In 2002, San Francisco implemented Care Not Cash, a policy that aimed to provide emergency shelter, counseling services and permanent housing search services in lieu of monetary general assistance — money that voters were afraid supported drug and alcohol addictions. The efforts included city-made deals with building owners to help the unhoused take a step forward. However, 14 years later, the solution has hit a snag; these Single Room Occupancy (SRO) housing contracts are expiring, and building owners are increasingly opting to make more money by moving recently unhoused people out of their units and Airbnbers in.
Displacement, inadequate mental health services, wealth disparity and hyper-gentrification of the area are to blame, Osburn says. As the Tenderloin becomes a district tourists are increasingly comfortable in, the purposes of its buildings shift from help to hotel. Furthermore, retired elderly receiving benefits who never thought to work again are being evicted but lack the means of care, resulting in no choice but living on the street. “We’re in the death throes of late-stage capitalism,” Osburn insists, “and homeless people are the unintended consequences of it.” Osburn’s GoFundMe page speaks to his dislike of local officials’ decision to push unhoused people out of living quarters without, what he says, are real, solid plans backed by policy or guaranteed funding promises.
What does the city and Osburn propose as solutions when trying to solve this homeless crisis? Osburn sees success in the city’s efforts to install navigation centers. The purpose of navigation centers is two-fold: shelter and one-stop shop for counseling and permanent housing services. For now, it is a pilot project. Osburn laughs when opposers on the internet suggest they have better solutions than his temporary ones.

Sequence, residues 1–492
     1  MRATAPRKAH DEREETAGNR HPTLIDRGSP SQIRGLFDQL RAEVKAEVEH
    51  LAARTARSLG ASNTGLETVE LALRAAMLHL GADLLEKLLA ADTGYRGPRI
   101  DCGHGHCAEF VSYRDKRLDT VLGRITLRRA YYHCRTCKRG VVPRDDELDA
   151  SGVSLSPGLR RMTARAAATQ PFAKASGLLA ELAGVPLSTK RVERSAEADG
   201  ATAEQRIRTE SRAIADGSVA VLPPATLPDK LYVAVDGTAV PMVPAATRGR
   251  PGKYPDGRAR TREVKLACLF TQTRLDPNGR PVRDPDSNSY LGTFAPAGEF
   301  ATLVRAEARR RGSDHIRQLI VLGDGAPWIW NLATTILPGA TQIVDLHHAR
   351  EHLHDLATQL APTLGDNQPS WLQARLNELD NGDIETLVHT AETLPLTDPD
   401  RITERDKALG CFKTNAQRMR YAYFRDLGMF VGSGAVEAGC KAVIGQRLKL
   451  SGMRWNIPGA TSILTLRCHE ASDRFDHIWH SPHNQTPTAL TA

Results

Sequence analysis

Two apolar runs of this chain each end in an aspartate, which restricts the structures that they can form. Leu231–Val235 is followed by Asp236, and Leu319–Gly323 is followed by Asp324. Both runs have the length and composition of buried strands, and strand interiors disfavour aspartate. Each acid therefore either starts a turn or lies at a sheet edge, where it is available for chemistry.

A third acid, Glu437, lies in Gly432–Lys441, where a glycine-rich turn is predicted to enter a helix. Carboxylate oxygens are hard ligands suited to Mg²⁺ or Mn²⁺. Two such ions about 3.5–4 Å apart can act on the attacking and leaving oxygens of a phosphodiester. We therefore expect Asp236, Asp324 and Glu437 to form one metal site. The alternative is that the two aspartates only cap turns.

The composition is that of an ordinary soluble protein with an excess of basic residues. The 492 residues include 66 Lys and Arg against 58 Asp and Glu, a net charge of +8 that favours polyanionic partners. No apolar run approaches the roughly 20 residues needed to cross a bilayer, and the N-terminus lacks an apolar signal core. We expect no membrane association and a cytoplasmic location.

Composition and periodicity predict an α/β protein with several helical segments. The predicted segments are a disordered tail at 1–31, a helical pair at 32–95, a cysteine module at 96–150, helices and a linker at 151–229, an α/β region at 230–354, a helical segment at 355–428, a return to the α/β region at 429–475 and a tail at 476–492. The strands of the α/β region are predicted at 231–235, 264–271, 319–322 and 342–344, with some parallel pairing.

“It’s funny because people will constantly give the dissenting opinion that having people sleep in tents is a Band-Aid solution, and I totally agree,” he says. “But sometimes you need to put a Band-Aid on something before you make it to the emergency room. And I think we’re on our way there now.”
Osburn is excited about potential change as four more centers are slated to open in the next year, but he knows social stigma might hinder the progress made toward real change as people attempt to exclude the centers from opening in their neighborhoods. Misconceptions about homeless people continually undermine aid efforts, a consistent one being that most of them are addicts lacking job ambitions.
“I’ve replaced tents for people who drive Google buses, ride share drivers, for chefs at restaurants,” he says.
Although a percentage of the homeless population abuses substances, Osburn wants to address it as an issue of mental health, rather than morality. He stresses that the homeless population is diverse when it comes to background and previous circumstance.
Most of all, Osburn wants society to stop alienating the homeless and start seeing the population as real people. He believes the perception of “otherness” in regard to the chronically homeless perpetuates a cycle of destruction and despair for the entire community. Empathy is key; he is grateful for those who showed it to him and helped him get back on his feet.
“If there was a list of those worthy of saving, I wouldn’t be on it,” he says. Now that he has the means, he plans on displaying empathy to those in the position he was in not so long ago. He appeals with compassion: “If people still have a pulse, they still have a chance.”